Pharoahe Monch @ The Globe, Cardiff

If you holding up the wall, then you missing the point

THE force of energy that is Pharoahe Monch steps across the Globe stage to loud cheers with his DJ and small band having already built the sense of anticipation for the enigmatic Queens MC.
Munch1 MAIN

On a sweaty, humid July 1 night in the Welsh capital Monch will soon discard his ceremonial, military style jacket as he get straight into his no compromising set.

When you have a hit such as ‘Fuck You’ in your back catalogue there can be no option other than performing on the front foot and sidekick DJ Kamron instructs the crowd to put middle fingers in the air.

Loud and aggressive club bangers though are only part of Monch’s output. He tells the crowd in the 350 capacity ‘intimate venue’ which he ‘loves’ as ‘you can see people’s faces and whether they love hip hop’ he’s fed up of the bullshit in hip hop. At a Monch show we’re all ‘intellectuals’.

Monch, whose career stretches back to the early 90s when he was part of the duo Organized Konfusion, has always produced material with street appeal and complex lyrics. ‘Damage’, which borrows from LL Cool J’s ‘Mama Said Knock You Out’ is such an example, and Monch explains how it is written from the perspective of a bullet.

But some things are even too complicated for Monch’s lyricism. He seems unable to express his frustration as he speaks directly to the crowd about the deaths of black men at the hands of the police. He turns to DJ Boogie Blind who drops the classics ‘Sound of Da Police’ (Krs-One) and ‘Fuck Tha Police’ (NWA) before regaining the mic for ‘Clap (One Day)’ his ironic appreciation of the ‘po-lice’.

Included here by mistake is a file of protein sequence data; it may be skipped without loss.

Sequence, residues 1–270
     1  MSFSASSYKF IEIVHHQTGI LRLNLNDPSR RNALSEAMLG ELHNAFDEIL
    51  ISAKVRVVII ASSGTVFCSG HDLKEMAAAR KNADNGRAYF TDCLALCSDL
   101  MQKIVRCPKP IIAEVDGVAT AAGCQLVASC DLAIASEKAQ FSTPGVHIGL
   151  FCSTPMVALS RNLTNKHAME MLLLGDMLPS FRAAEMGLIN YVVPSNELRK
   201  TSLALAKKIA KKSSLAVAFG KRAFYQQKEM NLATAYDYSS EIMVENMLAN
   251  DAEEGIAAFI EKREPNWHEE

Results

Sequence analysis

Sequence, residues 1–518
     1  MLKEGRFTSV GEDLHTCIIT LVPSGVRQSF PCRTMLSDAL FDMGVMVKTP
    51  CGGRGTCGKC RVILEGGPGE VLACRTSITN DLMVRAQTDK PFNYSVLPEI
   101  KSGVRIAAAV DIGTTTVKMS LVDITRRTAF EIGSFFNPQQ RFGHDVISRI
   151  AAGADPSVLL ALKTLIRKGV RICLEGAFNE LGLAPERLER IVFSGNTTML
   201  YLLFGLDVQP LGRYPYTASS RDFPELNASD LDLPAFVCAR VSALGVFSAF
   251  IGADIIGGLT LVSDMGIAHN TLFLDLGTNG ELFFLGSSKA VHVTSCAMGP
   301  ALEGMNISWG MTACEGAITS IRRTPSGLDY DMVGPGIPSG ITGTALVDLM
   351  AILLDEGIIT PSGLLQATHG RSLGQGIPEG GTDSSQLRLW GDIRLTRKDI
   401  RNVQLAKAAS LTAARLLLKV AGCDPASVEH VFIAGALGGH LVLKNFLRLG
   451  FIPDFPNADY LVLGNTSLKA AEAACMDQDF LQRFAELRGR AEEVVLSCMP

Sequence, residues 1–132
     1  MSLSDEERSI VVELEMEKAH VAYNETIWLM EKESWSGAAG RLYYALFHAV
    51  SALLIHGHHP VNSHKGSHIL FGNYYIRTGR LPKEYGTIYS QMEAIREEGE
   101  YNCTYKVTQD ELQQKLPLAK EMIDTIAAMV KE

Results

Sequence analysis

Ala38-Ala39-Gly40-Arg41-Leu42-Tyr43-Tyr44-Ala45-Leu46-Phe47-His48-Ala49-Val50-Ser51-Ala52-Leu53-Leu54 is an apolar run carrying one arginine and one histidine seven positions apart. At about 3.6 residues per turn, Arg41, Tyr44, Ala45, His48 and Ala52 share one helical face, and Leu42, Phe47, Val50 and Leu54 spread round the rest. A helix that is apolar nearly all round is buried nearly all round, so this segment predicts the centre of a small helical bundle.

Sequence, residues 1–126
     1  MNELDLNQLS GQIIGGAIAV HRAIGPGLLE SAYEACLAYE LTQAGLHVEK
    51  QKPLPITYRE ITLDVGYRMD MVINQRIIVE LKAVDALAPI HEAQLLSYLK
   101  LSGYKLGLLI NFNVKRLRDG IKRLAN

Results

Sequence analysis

Boogie Blind is the centre of attention when Monch and the Ezra Collective, three young Londoners who met Monch at Ronny Scott’s jazz club and are now touring with him, leave the stage for the DJ to showcase his cutting and scratching skills on the 1210s.

When Monch returns to the stage he clutches a green, plastic water pistol which he shoots himself to the side of the head with at the end of the song as he drops to his knees.

Monch has so much more than rap braggadocio and sings the hook to ‘Broken Again’ from his latest album ‘PTSD’ and explains the ambiguity in the lyrics that it could be referring to an addiction to either drugs or a relationship break up.

The MC constantly keeps the audience in mind, not only with plenty of audience participation but anecdotes about the problems of passing through Brussels airport this week with a ‘terrorist beard’ to backstage conversations with Busta Rhymes.

Monch performs ‘Oh No’ as a tribute to the late Nate Dogg who he and Mos Def collaborated with for the anthem and the rapid fire performance, that only lasted an hour and five minutes, reaches its inevitable climax with the club monster ‘Simon Says’.

Though only 11pm a clue to how shit would start pumping was DJ Boogie Blind covering his laptop with a towel. Soon Kamron was spraying a bottle of water across the crowd and beers were flying and bodies bouncing.

Advertisements

One thought on “Pharoahe Monch @ The Globe, Cardiff

Leave a Reply

Fill in your details below or click an icon to log in:

WordPress.com Logo

You are commenting using your WordPress.com account. Log Out / Change )

Twitter picture

You are commenting using your Twitter account. Log Out / Change )

Facebook photo

You are commenting using your Facebook account. Log Out / Change )

Google+ photo

You are commenting using your Google+ account. Log Out / Change )

Connecting to %s